Omega-3s are Essential for Your Cat!

December 2, 2010
By

By Jean Hofve, DVM

No doubt you’ve heard of Omega-3 fatty acids, Omega-6 fatty acids, and essential fatty acids.  But did you know that they are essential for pets, too?

The term “essential” means that the animal cannot synthesize the nutrient within its body, but must obtain it in the diet. For example, humans and dogs can make Vitamin A out of beta-carotene, but cats must consume Vitamin A directly from their food. Among fatty acids, arachidonic acid is essential for cats but not for dogs; while Omega-3s and Omega-6s are essential for both.

Omega-3s generally are anti-inflammatory, while  the kind of Omega-6s that are found in vegetable and plant oils and most animal fats, Omega-6s (the most common in both human and pet diets), can actually promote and increase inflammation when there’s too much of it.

What do essential fatty acids do? First, they are critical in development, especially for the nervous system and heart. They are incorporated into the membrane of every cell in the body. They are precursors to many important hormones and other compounds in the body. In dogs and cats, they’re especially important for skin and coat health. Lack of a healthy balance of essential fatty acids is linked to many serious health conditions, such as allergies, skin diseases, obesity, cancer, insulin resistance, diabetes, asthma, arthritis, autoimmune diseases, behavioral issues, and cognitive dysfunction (senility).

Pet foods typically utilize leftovers and by-products of the human food industry. In the U.S.,  livestock and poultry are fed large amounts of corn, which shifts their natural Omega-3 content to mostly Omega-6. Pet foods that use animal fat or vegetable oils therefore contain large amounts of Omega-6s and virtually no Omega-3s, unless they are added—which many pet food makers are now doing.

Some pet foods now list Omega fatty acids in their guaranteed analysis, but this may not be a true reflection of the actual content. Omega-6 is often listed as a guaranteed minimum (meaning there may be, and probably is, much, much more of it in the food), while the minimum guaranteed Omega-3 is usually the most that is present. Some labels are manipulated to create an “ideal” ratio of 5:1 or less, but it’s a good bet that your pet will still benefit from additional Omega-3s.

In the body, the forms of Omega 3 needed are EPA and DHA. Because our pets cannot convert plant oils (such as flaxseed oil) into EPA and DHA to any significant extent, fish oils are the best way to supplement dogs and cats with essential fatty acids. The best fish oil supplements come from wild salmon (not farm-raised salmon) or non-predatory fish such as anchovies or herring. They must also be purified to remove heavy metals and other contaminants.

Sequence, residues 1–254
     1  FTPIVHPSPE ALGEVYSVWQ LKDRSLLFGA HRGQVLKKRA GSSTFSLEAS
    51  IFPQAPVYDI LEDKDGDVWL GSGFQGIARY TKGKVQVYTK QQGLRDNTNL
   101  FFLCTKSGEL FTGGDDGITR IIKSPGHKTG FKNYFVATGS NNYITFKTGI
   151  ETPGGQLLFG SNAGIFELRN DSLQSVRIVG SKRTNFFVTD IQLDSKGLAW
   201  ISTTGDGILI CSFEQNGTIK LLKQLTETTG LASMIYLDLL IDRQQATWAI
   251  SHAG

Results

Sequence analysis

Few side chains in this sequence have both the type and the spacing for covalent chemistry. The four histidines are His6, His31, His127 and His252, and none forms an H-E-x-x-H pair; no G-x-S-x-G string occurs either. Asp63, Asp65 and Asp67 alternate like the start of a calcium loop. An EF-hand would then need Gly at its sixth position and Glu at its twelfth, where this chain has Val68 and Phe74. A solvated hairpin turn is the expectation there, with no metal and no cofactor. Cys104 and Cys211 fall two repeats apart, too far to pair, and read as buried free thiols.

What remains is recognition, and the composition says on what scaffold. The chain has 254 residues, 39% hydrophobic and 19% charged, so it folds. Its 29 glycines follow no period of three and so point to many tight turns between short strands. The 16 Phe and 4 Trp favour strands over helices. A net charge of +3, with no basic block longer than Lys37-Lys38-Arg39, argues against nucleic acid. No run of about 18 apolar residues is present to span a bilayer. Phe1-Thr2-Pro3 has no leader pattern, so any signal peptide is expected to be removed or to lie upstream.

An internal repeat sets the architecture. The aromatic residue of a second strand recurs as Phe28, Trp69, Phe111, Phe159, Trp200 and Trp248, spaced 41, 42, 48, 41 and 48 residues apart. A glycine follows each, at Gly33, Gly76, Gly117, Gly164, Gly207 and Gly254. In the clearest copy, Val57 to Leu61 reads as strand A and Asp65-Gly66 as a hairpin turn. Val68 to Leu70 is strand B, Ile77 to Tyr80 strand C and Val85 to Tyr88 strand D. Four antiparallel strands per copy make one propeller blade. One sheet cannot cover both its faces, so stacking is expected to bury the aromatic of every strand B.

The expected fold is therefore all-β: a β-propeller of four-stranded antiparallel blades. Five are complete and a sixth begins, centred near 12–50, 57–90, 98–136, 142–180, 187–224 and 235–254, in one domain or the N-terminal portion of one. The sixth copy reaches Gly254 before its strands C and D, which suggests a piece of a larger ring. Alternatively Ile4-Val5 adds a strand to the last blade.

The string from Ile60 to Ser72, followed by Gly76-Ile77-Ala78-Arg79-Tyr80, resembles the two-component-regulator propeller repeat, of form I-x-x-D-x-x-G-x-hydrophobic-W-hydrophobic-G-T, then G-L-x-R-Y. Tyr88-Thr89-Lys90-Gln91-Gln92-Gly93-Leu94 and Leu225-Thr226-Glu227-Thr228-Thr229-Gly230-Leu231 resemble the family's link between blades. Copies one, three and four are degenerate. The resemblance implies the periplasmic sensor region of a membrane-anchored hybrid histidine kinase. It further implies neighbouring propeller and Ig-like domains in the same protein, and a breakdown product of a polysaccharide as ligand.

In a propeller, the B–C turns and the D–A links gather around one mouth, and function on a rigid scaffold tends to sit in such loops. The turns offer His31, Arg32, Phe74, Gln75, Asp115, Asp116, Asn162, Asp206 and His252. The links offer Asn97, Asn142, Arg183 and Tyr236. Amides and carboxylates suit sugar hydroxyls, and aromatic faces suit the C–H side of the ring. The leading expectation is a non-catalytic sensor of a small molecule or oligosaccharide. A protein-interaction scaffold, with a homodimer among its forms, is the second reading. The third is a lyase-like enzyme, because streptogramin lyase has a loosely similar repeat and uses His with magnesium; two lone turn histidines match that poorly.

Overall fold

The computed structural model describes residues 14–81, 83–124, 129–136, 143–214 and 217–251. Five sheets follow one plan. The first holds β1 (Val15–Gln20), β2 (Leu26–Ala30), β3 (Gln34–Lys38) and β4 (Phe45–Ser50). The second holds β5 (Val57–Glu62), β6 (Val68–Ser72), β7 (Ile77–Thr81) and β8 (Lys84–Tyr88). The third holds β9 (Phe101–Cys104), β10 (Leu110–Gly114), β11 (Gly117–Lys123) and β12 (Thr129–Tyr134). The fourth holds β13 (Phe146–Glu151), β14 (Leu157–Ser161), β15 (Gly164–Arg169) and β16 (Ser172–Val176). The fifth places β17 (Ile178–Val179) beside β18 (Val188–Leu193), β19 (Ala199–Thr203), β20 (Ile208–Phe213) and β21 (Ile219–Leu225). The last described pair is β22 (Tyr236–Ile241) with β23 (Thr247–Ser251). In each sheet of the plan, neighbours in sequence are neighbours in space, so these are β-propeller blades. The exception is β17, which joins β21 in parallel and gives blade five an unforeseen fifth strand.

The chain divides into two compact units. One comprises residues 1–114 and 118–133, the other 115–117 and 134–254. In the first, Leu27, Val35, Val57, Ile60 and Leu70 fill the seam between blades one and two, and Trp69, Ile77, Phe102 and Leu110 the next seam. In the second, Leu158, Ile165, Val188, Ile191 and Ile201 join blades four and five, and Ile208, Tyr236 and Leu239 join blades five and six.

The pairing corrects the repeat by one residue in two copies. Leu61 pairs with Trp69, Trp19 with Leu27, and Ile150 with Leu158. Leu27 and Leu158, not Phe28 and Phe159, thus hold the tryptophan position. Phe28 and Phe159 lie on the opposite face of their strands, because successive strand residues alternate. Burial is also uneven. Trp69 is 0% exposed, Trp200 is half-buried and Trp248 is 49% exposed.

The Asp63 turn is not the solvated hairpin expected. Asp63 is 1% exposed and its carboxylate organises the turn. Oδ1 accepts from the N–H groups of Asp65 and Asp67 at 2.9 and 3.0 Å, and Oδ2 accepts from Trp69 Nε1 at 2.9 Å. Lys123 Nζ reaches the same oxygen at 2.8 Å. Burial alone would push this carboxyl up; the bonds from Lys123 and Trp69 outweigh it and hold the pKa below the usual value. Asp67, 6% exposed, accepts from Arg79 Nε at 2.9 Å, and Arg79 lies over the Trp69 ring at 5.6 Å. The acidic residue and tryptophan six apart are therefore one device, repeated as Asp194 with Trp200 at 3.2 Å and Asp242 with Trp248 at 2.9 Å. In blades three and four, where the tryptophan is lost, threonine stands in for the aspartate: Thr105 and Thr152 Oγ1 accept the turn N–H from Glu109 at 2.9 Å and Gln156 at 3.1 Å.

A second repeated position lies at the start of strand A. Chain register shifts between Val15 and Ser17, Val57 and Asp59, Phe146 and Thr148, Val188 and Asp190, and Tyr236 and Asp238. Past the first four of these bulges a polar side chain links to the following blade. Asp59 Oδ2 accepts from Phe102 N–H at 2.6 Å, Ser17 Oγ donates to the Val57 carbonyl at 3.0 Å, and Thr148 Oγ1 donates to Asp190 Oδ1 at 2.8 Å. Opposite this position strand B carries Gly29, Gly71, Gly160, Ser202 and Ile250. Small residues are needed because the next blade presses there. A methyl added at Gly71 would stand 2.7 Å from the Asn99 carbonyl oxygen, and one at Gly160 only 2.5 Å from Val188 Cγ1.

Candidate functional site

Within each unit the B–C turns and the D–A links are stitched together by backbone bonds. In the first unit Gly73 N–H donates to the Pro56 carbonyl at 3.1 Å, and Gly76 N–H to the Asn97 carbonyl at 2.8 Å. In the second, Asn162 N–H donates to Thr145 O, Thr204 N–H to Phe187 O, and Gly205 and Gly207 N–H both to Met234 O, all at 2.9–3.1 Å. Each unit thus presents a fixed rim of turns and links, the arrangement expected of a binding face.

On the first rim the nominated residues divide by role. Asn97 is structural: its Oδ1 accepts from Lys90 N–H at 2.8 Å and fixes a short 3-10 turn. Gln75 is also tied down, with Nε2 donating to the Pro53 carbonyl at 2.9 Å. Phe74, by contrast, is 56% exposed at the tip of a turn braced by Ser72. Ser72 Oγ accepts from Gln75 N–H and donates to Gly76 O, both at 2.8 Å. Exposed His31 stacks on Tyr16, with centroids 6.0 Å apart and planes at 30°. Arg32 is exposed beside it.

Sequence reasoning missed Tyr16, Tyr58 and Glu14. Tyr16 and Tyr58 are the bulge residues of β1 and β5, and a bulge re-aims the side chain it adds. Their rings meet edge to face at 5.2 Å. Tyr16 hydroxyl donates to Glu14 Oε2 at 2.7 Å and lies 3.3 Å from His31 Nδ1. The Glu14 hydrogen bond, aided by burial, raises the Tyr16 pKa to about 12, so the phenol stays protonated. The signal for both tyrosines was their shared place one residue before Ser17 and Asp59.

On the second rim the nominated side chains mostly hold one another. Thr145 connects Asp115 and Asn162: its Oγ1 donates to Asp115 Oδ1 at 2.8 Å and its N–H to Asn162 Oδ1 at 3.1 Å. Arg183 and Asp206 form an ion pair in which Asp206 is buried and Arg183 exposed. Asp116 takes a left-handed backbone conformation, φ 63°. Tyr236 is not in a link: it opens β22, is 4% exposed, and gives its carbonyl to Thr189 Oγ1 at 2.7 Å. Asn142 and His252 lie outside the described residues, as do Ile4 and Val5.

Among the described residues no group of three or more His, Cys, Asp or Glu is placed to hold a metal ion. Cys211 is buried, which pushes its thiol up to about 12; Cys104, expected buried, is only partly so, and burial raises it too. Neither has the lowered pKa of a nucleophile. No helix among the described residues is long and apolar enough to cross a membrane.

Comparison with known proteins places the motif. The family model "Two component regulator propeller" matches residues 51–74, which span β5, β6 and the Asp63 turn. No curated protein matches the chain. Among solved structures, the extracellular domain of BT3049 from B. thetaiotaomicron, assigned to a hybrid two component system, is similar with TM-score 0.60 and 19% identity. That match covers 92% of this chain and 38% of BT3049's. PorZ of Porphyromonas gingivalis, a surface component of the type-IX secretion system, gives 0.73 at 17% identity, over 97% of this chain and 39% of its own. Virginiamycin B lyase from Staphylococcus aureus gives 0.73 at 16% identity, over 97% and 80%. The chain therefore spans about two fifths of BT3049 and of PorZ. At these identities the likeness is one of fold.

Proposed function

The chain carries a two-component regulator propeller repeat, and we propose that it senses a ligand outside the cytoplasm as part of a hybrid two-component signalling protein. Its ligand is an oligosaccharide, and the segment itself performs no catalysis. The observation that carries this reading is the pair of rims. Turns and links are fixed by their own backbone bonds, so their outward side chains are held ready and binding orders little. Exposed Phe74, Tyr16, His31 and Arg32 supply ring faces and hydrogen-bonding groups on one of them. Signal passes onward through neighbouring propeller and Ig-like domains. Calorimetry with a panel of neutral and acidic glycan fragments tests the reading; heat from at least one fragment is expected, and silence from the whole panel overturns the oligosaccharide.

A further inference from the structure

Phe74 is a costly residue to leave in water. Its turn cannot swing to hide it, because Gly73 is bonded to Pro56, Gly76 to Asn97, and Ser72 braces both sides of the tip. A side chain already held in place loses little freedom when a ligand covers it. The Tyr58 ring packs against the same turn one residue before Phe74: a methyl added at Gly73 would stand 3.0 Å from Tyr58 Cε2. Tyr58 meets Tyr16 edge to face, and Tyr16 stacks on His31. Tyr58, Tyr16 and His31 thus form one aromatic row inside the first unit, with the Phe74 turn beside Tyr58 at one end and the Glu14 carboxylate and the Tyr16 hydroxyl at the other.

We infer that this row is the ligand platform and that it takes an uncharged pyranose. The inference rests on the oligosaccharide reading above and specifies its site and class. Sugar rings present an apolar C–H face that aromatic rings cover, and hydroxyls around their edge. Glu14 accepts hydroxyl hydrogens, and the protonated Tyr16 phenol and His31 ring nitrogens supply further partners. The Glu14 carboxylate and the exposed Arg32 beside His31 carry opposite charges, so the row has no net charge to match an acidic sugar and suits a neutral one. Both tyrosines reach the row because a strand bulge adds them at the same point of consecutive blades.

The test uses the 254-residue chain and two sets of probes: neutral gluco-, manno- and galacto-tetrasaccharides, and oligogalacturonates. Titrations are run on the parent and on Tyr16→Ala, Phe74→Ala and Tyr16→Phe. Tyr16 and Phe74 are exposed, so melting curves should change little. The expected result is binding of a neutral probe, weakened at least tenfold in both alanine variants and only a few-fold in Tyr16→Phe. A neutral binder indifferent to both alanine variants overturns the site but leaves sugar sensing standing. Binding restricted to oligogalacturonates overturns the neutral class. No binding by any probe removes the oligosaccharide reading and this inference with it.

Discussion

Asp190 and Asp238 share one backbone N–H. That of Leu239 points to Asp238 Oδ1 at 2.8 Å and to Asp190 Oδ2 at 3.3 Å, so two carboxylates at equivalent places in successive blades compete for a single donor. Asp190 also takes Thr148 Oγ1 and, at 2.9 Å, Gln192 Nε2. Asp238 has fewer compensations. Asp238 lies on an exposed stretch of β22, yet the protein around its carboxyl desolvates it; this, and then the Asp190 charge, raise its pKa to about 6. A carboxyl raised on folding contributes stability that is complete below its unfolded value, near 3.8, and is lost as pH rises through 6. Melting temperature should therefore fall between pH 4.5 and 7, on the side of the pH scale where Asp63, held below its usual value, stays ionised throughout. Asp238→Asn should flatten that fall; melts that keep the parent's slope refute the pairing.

Fish and Cod Liver Oils

Most fish and cod liver oils made for human consumption add flavors such as lemon, orange, strawberry,  mango, and peach. While manufacturers insist these flavorings are “natural,” the definition of natural flavors is extremely broad and may include things that most of us would rather avoid, including MSG and genetically modified foods. And while you’d think that, with their reputation for loving fish, cats would also love fish oil, the taste is just too strong for most cats. Start very small when introducing these products to your cat.

•    Cod liver oil is an excellent source of EPA and DHA, but most manufacturers add large amounts of extra vitamins A and D, which can quickly reach toxic levels in small pets like cats. Look for cod liver oil that contains only naturally-occurring amounts of vitamins.

•    Predatory fish such as salmon and tuna (as well as tilapia, grouper, bass, mackerel, and many others) are at the top of the food chain; so environmental contaminants become concentrated in their fat. Farmed fish, particularly salmon (but also tilapia and catfish), are fed a cocktail of chemicals, pesticides, and antibiotics; and they live in inhumane, crowded conditions in polluted water. The best fish oil supplements come from smaller fish living in clean waters, such as sardines, anchovies, and herring.

•    Purity of the oil is critically important. Like their ocean habitat, many fish are contaminated  not only with mercury, but also dioxins, PCBs, and other highly toxic chemicals. The best way to be certain oil is free from these contaminants is to distill it, much like water is distilled to remove  impurities (sometimes also referred to as “pharmaceutical grade”). Look for fish oil that manufactured to meet the quality and purity standards for humans, including third-party testing to guarantee the absence of environmental contaminants.

•    Freshness is what separates the great oils from the not so good. All oils, but Omega-3s in particular, are easily oxidized (made rancid) from light, heat, exposure to air, moisture, and natural degradation over time. Rancid oils are not only lacking in beneficial properties, but they are actually dangerous to consume: they contain large amounts of free radicals, and are known to destroy fat-soluble vitamins. Therefore, fish that are caught and processed immediately, instead of sitting around for days in a warehouse or transport ship, will provide the best and safest oil. Choose an oil that has passed independent testing to guarantee potency and  freshness.